The problem with the data revolution in four Venn diagrams

Morten Jerven in The Guardian: “In August, UN secretary-general Ban Ki Moon named his independent expert advisory group, 24 experts tasked with providing recommendations on how best to use data to deliver the sustainable development goals….On 6 November, those recommendations were published in a report entitled A world that counts, a cleverly crafted motivational manifesto, but by no means a practical roadmap on how to apply a “data revolution” to the future development agenda.
I have previously written about this in more detail, but essentially, the report’s key weakness is that it conflates several terms, and assumes automatic relationships between things such as “counting” and “knowing”.
Using four Venn diagrams, I’ve tried to illustrate some of the main misconceptions.

Not everything that counts can be counted

venn 1
Image 1

The report strongly suggests that everything that matters can be counted. We know that this is not true. If the guiding principle for the sustainable development goals is to make decisions as if everything can be counted, the end result will be very misleading.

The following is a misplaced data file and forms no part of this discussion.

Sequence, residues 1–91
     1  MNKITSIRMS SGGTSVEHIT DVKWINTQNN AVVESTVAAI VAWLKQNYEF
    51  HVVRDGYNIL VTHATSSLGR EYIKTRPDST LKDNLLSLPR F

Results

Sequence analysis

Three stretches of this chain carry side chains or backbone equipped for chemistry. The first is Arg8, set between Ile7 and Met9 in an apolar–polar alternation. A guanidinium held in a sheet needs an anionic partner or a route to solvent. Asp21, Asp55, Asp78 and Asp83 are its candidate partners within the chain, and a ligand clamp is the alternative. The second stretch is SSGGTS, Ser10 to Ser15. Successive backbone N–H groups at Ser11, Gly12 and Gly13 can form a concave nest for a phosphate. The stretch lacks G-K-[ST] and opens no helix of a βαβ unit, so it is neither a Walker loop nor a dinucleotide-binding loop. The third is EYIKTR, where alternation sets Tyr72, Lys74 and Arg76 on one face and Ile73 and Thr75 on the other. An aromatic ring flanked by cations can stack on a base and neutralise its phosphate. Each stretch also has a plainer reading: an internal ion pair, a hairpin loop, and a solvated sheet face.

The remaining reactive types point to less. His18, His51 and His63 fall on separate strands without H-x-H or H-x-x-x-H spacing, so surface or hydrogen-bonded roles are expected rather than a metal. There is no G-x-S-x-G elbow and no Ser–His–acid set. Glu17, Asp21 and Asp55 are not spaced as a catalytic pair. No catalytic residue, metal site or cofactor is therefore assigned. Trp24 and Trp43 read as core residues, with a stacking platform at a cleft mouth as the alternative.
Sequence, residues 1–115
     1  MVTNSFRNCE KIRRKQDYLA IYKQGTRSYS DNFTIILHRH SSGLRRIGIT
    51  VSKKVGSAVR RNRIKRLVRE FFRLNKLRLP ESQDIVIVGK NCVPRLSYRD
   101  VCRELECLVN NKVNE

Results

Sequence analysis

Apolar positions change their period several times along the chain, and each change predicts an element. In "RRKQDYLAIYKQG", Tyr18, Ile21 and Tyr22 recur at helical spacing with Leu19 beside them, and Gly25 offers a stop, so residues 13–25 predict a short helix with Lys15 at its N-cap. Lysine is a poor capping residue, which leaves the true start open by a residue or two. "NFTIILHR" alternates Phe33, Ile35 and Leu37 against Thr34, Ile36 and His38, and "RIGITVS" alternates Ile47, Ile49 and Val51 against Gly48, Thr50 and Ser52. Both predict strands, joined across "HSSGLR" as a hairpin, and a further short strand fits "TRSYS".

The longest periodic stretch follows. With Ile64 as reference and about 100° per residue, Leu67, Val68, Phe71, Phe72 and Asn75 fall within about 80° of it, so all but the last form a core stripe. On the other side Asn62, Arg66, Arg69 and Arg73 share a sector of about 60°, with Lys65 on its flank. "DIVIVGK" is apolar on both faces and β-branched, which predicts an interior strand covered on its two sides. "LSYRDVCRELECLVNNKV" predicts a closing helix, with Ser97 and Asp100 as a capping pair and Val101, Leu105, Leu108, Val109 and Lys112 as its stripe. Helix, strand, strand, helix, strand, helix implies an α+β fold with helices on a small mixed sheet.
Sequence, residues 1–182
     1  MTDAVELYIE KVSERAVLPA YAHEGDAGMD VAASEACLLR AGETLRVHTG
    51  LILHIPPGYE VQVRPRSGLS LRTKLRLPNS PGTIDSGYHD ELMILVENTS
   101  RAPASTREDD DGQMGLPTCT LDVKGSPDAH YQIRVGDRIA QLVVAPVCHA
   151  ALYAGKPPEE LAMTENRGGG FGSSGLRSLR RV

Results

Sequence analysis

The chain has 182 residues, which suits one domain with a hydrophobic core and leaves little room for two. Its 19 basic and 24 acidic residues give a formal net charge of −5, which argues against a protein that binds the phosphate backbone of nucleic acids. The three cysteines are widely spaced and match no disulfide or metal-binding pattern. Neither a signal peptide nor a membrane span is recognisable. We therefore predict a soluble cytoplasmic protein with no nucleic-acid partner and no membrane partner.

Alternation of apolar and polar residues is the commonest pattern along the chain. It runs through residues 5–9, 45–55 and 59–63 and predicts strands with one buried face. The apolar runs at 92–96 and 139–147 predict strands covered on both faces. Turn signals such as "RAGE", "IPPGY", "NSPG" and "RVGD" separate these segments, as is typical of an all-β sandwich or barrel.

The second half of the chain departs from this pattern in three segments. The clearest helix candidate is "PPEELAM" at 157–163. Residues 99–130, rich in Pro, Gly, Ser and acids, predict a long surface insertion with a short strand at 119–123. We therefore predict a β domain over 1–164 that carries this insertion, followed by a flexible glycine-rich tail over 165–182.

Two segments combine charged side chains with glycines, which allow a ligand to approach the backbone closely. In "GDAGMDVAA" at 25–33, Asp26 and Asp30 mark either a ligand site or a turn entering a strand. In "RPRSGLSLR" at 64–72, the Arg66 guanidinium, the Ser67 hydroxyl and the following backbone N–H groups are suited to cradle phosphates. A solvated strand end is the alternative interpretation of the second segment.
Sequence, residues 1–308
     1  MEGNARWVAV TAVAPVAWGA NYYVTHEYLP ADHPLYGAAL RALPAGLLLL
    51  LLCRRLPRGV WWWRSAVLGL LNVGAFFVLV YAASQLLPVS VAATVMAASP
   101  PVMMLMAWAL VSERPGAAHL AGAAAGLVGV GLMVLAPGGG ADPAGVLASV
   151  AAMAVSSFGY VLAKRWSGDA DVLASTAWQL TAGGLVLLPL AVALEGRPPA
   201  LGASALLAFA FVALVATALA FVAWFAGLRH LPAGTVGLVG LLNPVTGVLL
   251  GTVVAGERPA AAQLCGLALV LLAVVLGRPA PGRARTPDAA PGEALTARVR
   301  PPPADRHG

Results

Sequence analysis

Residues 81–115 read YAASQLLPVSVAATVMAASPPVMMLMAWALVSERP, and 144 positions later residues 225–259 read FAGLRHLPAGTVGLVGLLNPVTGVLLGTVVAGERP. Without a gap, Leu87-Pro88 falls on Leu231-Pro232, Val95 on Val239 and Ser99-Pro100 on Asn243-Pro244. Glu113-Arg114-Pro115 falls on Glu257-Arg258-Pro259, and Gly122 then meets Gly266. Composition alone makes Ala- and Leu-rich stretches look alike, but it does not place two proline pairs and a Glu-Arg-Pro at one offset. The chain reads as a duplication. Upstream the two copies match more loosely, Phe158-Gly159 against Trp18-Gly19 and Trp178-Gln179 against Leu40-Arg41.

Data is not the same as statistics

venn 2
Image 2

The “data revolution” hype is just one of many places where the difference between statistics and data is misunderstood. Data is not the same as numbers. Data literally mean ‘what is given’, so when we speak of data we are talking about observations – quantitative or qualitative, or even figurative – that can be used to get information.
To keep talking about data when we mean statistics may sound better, but it only leads to confusion. The report (pdf) calls on the UN to establish “a process whereby key stakeholders create a Global Consensus on Data”. What is that supposed to mean? That statement is meaningless if you exchange the word “data” with “observations”, “knowledge” or ‘evidence’. It can, however, make sense if you talk about “statistics”.
International organisations do have a natural role when it comes to developing global standards for official statistics. Reaching a global consensus on how observations and evidence constitute knowledge is futile.

More data does not mean better decisions…

There are other methods to knowing than through counting…(More)”